ECJ decis­i­on in anti­trust case against Meta

One is invol­ved, all are affected!

The press calls it a “defeat for Face­book”. In its judgment of 4 July 2023 (case C‑252/21 ), the ECJ ruled that natio­nal com­pe­ti­ti­on aut­ho­ri­ties are allo­wed to estab­lish and sanc­tion brea­ches of data pro­tec­tion law. But the decis­i­on goes far bey­ond anti­trust law: The ruling has a signi­fi­cant impact on data pro­tec­tion law and affects com­pa­nies far bey­ond Meta. Find out in this artic­le whe­ther your com­pa­ny is affec­ted and what steps are now necessary.

Entre­pre­neu­ri­al free­dom in the cross­hairs of the ECJ

The ECJ decis­i­on lacks the neces­sa­ry balan­cing of the fun­da­men­tal right to data pro­tec­tion and the free­dom to con­duct a busi­ness, which is also pro­tec­ted by the EU Char­ter of Fun­da­men­tal Rights. Ins­tead, the ECJ adopts a very rest­ric­ti­ve inter­pre­ta­ti­on which, when appli­ed strin­gent­ly, makes the com­mer­cial use of per­so­nal data almost impos­si­ble. Com­pa­nies are forced by the decis­i­on to ali­gn the con­tent of their offers more clo­se­ly with data pro­tec­tion regu­la­ti­ons and to obser­ve the fol­lo­wing requirements:

  1. Accor­ding to the ECJ, pro­ces­sing for the per­for­mance of a con­tract (Art. 6 (1) (b) GDPR) is only per­mis­si­ble if the pro­ces­sing is objec­tively indis­pensable to ful­fil the main pur­po­se of the con­tract per­for­mance. In all other cases, even a clear con­trac­tu­al agree­ment can­not legi­ti­mi­se the pro­ces­sing. If the ruling is appli­ed strin­gent­ly, this means that con­tract per­for­mance is no lon­ger a legal basis for many inno­va­ti­ve busi­ness models.
  2. The ECJ also shows a clear ten­den­cy with regard to the legi­ti­ma­te inte­rest in data pro­ces­sing (Artic­le 6 (1) (f) GDPR). Alt­hough the ECJ does not com­ple­te­ly rule out the exis­tence of a legi­ti­ma­te inte­rest in the com­mer­cial use of per­so­nal data, this shall only be dee­med given if the user could reason­ab­ly expect the spe­ci­fic scope of the data pro­ces­sing. The same stan­dards shall app­ly with respect to the legi­ti­ma­te inte­rest in ensu­ring net­work secu­ri­ty or in car­ry­ing out pro­duct impro­ve­ments. The inte­rest of the data sub­ject is to be taken into account to a much grea­ter ext­ent than before.
  3. The ECJ also does not cate­go­ri­cal­ly exclude the pos­si­bi­li­ty of giving con­sent (Art. 6 (1) (a) GDPR) to the com­mer­cial use of per­so­nal data, but requi­res that data sub­jects must be able to refu­se indi­vi­du­al pro­ces­sing ope­ra­ti­ons and that they be offe­red an equi­va­lent alter­na­ti­ve (also in terms of cos­ts). The exis­ting high requi­re­ments for con­sent, which in many cases can hard­ly be imple­men­ted in a reasonable man­ner in prac­ti­ce, are thus fur­ther tightened.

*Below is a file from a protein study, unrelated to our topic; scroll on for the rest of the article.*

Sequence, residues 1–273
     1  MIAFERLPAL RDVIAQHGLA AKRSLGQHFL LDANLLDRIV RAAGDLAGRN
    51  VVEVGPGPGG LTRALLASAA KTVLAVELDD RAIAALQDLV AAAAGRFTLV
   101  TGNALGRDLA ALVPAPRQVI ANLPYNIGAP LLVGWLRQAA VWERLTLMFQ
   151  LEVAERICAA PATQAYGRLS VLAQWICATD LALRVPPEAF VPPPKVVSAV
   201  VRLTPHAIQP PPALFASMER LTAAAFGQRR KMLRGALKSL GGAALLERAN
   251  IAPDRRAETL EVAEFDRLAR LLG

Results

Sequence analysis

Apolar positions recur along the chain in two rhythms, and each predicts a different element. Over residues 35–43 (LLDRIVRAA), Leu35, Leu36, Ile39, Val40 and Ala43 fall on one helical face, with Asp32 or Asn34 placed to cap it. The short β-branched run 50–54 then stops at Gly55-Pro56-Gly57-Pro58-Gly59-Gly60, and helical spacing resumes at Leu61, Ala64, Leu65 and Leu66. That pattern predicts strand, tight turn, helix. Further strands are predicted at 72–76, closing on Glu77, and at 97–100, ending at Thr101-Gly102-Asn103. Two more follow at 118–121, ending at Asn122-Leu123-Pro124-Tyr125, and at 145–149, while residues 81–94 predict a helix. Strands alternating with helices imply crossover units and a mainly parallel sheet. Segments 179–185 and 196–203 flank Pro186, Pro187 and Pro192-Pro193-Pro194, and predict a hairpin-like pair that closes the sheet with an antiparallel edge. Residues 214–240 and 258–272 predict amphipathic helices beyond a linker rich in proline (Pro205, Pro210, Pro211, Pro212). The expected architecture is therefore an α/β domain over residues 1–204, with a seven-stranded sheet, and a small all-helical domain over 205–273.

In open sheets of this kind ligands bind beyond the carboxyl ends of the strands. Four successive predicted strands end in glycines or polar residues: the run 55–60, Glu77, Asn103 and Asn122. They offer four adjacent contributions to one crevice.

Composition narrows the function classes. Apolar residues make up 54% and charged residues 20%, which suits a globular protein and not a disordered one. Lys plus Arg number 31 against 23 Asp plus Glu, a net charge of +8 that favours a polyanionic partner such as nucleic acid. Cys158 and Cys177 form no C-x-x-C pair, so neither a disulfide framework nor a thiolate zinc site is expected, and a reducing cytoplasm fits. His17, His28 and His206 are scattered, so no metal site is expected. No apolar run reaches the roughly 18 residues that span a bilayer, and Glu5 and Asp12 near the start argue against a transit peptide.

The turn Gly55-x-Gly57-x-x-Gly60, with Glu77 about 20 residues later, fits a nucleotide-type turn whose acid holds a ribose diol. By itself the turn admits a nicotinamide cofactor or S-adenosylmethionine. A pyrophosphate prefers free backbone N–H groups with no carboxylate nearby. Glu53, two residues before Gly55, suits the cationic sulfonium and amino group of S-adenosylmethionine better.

Par­ti­cu­lar­ly sen­si­ti­ve data are all around us now

The ECJ decis­i­on also has signi­fi­cant impli­ca­ti­ons for the pro­ces­sing of par­ti­cu­lar­ly sen­si­ti­ve data (Art. 9 GDPR). Accor­ding to the ECJ, even cal­ling up a web­site or app with refe­rence to the data cate­go­ries lis­ted in Art. 9 GDPR should be sub­ject to a par­ti­cu­lar­ly high level of pro­tec­tion. When strin­gent­ly app­ly­ing the ECJ decis­i­on, signi­fi­cant­ly more per­so­nal data are likely to be clas­si­fied as par­ti­cu­lar­ly sen­si­ti­ve in the future. Pro­ces­sing of the­se data is then only per­mis­si­ble under the addi­tio­nal con­di­ti­ons of Art. 9 GDPR. The ECJ sets fur­ther hurd­les for the pro­ces­sing of par­ti­cu­lar­ly sen­si­ti­ve data which the data sub­ject has mani­fest­ly made public (Art. 9 (2) (e) GDPR). The pro­ces­sing of such data is only per­mis­si­ble inso­far as the data sub­ject, being ful­ly awa­re of the facts, has cle­ar­ly expres­sed his or her decis­i­on to publish the data on the basis of indi­vi­du­al pre­fe­ren­ces. The­r­e­fo­re, accor­ding to the ECJ, a clear inten­ti­on to publish the data can­not be infer­red from mere­ly cal­ling up a web­site with par­ti­cu­lar­ly sen­si­ti­ve data, such as an online phar­ma­cy. The ECJ fur­ther sta­tes that a data set con­tai­ning both par­ti­cu­lar­ly sen­si­ti­ve and “ordi­na­ry” per­so­nal data falls under Art. 9 GDPR as a who­le. If it is not pos­si­ble to sepa­ra­te the data, the requi­re­ments of Art. 9 GDPR must be met for the enti­re data set. A sin­gle pie­ce of sen­si­ti­ve infor­ma­ti­on can the­r­e­fo­re infect the enti­re data set. It remains unclear how such an exten­si­ve inter­pre­ta­ti­on of Art. 9 GDPR would be in line with ano­ther objec­ti­ve of the GDPR, which is also to pro­mo­te the free move­ment of per­so­nal data (Art. 1 (1) GDPR).


Gloa­ting or spi­te are out of place in view of the Meta decis­i­on, becau­se the ECJ gene­ral­ly places such high demands on the requi­re­ments of the rele­vant legal bases that, when appli­ed strin­gent­ly, they can hard­ly be ful­fil­led not only by Meta, but also by other com­pa­nies. The decis­i­on the­r­e­fo­re has far-reaching signi­fi­can­ce for all com­pa­nies that pro­cess per­so­nal data and must be taken into account appro­pria­te­ly. At the same time, the decis­i­on under­lines how important new legis­la­ti­ve pro­jects such as the Data Act or the Euro­pean Health Data Space are for the inno­va­ti­ve use of per­so­nal data.


Stay up-to-date

We use your email address exclusively for sending our newsletter. You have the right to revoke your consent at any time with effect for the future. For further information, please refer to our privacy policy.